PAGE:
What does it mean to be a refugee, now and through the ages? It seems appropriate on World Refugee Day, a day to promote awareness of the Refugee crisis around the world, to offer a deeper explanation of a thought-provoking event that begins our London 2019-20 season. Composer Mark-Anthony Turnage’s topical song cycle sets texts by prominent poets of today and of the past, including Benjamin Zephaniah and Emily Dickinson, which will be performed by peerless tenor Allan Clayton and Britten Sinfonia on 20 September 2019.
Turnage’s Song Cycle, Refugee, sets poetry by Emily Dickinson, Benjamin Zephaniah, W. H. Auden and Brian Bilston. By setting a variety of poets from different timelines, Turnage seeks to explore what it is to be a refugee, and how this has changed or remained the same over time in a musical exploration of the circumstances displaced people are facing.
From their outset, these poems have evoked strong emotional reactions and high praise, especially for Bilston’s Refugee in the press and on social media. These poets write with the intent of conveying the true voices of refugees around the world, and to offer an insight into the depth of the crisis at hand, highlighting the suffering of those fleeing persecution in search of refuge.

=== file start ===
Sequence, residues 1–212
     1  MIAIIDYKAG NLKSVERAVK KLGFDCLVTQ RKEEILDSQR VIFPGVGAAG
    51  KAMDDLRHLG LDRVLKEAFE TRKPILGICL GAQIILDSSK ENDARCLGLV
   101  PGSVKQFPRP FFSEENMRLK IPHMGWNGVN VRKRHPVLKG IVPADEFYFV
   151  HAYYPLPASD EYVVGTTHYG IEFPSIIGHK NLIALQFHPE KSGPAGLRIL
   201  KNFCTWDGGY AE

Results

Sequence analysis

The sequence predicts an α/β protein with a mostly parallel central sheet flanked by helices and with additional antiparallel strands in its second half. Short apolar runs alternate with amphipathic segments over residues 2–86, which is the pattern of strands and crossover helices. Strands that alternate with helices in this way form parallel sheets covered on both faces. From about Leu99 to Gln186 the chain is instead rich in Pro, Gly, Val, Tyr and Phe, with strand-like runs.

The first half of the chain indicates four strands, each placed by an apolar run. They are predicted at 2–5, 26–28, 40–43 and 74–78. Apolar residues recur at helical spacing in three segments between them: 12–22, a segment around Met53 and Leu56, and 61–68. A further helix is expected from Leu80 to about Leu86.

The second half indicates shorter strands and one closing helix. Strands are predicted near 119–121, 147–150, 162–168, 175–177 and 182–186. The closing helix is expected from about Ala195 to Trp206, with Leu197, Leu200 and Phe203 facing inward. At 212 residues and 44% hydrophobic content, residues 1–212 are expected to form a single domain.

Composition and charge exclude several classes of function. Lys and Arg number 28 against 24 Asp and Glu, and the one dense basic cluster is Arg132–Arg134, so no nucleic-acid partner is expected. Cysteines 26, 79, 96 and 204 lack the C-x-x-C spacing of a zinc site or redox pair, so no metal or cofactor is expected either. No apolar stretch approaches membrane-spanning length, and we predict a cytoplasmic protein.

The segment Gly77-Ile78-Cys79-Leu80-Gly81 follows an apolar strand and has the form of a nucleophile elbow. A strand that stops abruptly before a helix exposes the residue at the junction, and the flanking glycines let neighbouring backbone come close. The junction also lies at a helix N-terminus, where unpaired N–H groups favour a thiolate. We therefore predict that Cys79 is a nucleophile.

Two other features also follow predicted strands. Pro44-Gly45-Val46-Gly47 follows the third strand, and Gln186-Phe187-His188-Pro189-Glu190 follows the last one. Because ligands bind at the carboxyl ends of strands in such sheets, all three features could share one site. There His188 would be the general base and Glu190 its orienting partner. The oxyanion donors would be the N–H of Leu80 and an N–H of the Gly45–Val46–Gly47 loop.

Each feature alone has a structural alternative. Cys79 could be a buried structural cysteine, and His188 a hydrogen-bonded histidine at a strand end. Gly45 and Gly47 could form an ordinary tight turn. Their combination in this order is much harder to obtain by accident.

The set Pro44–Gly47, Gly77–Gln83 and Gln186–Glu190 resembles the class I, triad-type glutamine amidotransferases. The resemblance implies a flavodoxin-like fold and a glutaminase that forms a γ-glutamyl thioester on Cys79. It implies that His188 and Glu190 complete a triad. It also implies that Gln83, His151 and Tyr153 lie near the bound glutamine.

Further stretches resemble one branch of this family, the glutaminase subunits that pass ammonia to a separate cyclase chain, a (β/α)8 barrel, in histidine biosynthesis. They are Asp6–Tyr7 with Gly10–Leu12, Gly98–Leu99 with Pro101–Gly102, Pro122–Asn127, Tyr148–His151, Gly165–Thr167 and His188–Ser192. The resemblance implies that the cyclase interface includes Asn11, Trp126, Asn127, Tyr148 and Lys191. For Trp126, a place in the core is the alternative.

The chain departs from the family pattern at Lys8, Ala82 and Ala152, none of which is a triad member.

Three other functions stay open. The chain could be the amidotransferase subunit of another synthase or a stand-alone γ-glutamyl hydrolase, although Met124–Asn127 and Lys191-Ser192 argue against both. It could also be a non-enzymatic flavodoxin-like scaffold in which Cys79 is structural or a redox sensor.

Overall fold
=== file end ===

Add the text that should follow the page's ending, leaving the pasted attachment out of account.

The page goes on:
We invite you to explore the poetry of Turnage’s Refugee for yourself, and to consider joining us in September at the Milton Court Concert Hall for what will be a powerful and emotional evening, exploring the refugee crisis through music and sound.
i. These Strangers – Emily Dickinson – 1864
ii. We Refugees – Benjamin Zephaniah. First published in Benjamin Zephaniah’s Wicked World! in 2000.
iii. Refugee Blues – W. H. Auden – 1939. N.B. The fifth and sixth stanza are omitted in Turnage’s setting of the poem.
iv. Orchestral movement
v. Refugees – Brian Bilston – 2016. This poem is designed to be read normally, and then from bottom to top, and Turnage sets the poem both ways in his song cycle.
Turnage’s Refugee is performed alongside works by composers that Turnage counts among his major musical influences including his teacher and mentor, the late Oliver Knussen. The concert opens with Tippett’s five-movement re-imagining of the traditional English tune, Sellinger’s Round, rich with quotations from music by Gibbons, Purcell, Arne, Field and Sullivan; and Allan Clayton returns for Britten’s final song cycle, the evocative Nocturne for tenor, seven solo instruments and strings. The evening is conducted by Andrew Gourlay.
You can be among the first to hear Mark-Anthony’s new song cycle Refugee in concert on 20 September 2019 at the Milton Court Concert Hall, London.